An international consortium of institutions in the UK, Spain, and the Canary Islands is building an enormous four-meter wide telescope driven by robotics. The automatic system, which will cost £24 million to construct in the Canary Islands, will be able to respond quickly to extremely dynamic astronomical events like extraterrestrial collisions and exploding stars that fade from view all too quickly.
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When construction is complete, astronomers will be able to use the New Robotic Telescope (NRT) to observe and ultimately better understand processes like stars' destruction and creation, the formation of black holes, and what happens when celestial bodies collide.
Using Robotic Telescopes to Explore Space
Robotic telescopes combine telescope and detector systems to automatically scan the skies.
Professional astronomers classify telescopes as robotic when they can make observations without a human operator, even if a human initiates the observations. Some robotic telescopes use artificial intelligence (AI) software to assist or automate scheduling decisions as well.
Robotic telescopes are complex systems made up of a number of subsystems. Pointing the telescope, operating the detector (usually a CCD camera), controlling the telescope enclosure or dome, adjusting the focus, detecting weather conditions, and a host of other capabilities may all be included within the telescope's design.
Controlling the motors, sensors, devices, and subsystems in the machinery is a task for automation itself. Supervisory control systems manage robotic telescopes with AI to keep everything working smoothly.
Historically, robotic telescopes have been limited by their size. The highly precise and delicate operations of large research facilities traditionally required human attendants, although gradually more processes within these facilities have been automated.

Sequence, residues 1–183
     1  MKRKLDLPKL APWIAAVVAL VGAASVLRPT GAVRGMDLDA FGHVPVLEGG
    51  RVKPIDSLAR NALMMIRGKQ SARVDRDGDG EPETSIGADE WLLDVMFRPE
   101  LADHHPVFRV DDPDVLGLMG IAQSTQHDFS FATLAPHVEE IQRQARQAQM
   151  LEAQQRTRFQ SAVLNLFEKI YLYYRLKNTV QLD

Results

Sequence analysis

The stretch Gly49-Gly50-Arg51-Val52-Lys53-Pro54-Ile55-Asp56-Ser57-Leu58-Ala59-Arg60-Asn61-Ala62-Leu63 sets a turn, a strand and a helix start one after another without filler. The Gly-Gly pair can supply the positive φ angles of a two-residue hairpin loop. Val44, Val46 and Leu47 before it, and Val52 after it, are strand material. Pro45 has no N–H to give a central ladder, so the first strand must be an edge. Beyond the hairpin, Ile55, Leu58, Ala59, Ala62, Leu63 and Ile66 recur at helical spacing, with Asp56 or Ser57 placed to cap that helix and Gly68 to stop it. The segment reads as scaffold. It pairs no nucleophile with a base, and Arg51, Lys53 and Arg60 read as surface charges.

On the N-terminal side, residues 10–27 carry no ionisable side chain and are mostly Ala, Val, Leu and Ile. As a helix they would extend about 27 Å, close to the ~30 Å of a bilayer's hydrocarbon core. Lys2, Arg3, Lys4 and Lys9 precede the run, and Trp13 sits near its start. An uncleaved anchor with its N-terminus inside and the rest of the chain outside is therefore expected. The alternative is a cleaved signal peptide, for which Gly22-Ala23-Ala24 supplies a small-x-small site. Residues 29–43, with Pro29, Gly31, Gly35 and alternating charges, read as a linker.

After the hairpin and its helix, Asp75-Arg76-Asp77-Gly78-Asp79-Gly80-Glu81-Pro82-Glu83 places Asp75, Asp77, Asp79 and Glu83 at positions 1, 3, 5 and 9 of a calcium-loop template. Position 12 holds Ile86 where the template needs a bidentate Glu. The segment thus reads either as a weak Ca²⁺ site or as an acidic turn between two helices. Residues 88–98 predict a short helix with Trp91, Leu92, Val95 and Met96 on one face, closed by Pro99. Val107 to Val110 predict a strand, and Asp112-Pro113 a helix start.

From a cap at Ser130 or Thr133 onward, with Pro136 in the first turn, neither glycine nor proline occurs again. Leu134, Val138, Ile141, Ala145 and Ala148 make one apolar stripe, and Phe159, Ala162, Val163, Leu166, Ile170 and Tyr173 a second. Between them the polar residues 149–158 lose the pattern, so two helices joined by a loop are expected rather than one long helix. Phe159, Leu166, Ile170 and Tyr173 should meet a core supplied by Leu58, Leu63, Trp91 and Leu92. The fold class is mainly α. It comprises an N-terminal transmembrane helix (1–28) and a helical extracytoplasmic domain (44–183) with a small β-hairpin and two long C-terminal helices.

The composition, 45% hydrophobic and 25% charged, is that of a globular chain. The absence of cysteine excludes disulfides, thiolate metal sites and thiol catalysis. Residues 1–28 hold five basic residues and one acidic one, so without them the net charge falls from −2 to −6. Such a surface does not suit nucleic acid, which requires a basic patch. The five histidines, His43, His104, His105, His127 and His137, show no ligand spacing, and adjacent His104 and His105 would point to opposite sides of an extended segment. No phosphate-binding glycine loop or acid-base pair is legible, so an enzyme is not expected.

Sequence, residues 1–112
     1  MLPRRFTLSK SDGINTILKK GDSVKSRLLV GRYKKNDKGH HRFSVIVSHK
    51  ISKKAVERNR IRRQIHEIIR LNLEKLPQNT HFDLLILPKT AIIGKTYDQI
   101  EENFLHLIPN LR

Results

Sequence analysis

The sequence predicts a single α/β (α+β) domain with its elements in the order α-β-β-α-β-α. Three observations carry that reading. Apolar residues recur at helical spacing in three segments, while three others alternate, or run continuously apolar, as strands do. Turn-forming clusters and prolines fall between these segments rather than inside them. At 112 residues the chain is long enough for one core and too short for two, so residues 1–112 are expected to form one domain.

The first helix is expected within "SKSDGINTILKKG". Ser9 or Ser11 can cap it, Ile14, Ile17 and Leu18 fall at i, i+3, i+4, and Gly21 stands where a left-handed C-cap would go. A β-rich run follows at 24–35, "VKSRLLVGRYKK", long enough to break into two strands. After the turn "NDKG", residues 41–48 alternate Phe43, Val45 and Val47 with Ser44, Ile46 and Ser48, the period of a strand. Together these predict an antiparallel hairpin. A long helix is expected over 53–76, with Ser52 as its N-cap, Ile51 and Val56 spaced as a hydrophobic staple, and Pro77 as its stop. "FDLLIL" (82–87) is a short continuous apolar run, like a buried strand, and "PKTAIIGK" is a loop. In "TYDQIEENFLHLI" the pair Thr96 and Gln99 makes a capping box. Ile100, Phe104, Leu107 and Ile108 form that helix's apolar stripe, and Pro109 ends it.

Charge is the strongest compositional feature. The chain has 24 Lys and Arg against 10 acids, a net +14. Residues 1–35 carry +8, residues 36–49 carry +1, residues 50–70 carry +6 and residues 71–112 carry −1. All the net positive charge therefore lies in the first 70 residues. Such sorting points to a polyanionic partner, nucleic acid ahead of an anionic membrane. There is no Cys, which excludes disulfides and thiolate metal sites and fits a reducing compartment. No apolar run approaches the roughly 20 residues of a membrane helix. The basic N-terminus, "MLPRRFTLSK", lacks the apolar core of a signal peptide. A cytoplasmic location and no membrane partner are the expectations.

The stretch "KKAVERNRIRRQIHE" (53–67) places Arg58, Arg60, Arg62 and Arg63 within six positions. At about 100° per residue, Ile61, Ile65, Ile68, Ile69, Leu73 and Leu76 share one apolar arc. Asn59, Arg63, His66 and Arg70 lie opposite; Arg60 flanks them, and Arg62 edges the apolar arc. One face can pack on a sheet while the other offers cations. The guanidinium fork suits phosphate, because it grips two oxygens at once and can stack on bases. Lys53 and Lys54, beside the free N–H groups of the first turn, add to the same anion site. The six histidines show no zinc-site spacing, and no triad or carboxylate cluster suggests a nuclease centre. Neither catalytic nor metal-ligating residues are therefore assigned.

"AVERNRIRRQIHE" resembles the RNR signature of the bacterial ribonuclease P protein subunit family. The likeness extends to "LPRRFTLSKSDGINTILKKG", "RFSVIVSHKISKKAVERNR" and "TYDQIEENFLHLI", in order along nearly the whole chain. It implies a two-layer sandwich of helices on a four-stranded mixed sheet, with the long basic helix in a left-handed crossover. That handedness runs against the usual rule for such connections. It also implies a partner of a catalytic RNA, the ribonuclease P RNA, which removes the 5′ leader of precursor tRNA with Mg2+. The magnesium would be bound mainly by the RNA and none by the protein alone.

Why Is Speed Important in Space Observation?
The NRT is designed to be highly sensitive to dynamic inputs, capable of spotting movement in the night sky almost immediately. The robotic machinery is also incredibly efficient, enabling the clamshell roof to open and the massive telescope to move into position quickly to capture astronomical events quickly.
Dr. Chris Copperwheat, Liverpool John Moores University (LJMU) "Astronomer in Charge" explained the importance of speed in space observation:
Speed is key and gives us a view of mysteries of the universe which have never been observed before. So much happens in the night sky that we simply miss because we are on to it too late. The NRT will give us an almost immediate eye onto movements and phenomena, giving us an unprecedented insight into the physics of the changing sky.
Dr. Chris Copperwheat, Liverpool John Moores University
The active dynamism of our universe is sometimes hard to imagine, considering the sheer expanse of the universe that we can see through the night sky. However, explosive and cataclysmic events are happening in the vastness of space all the time. These events are unpredictable and very transient (they fade from view quickly), making them difficult to study.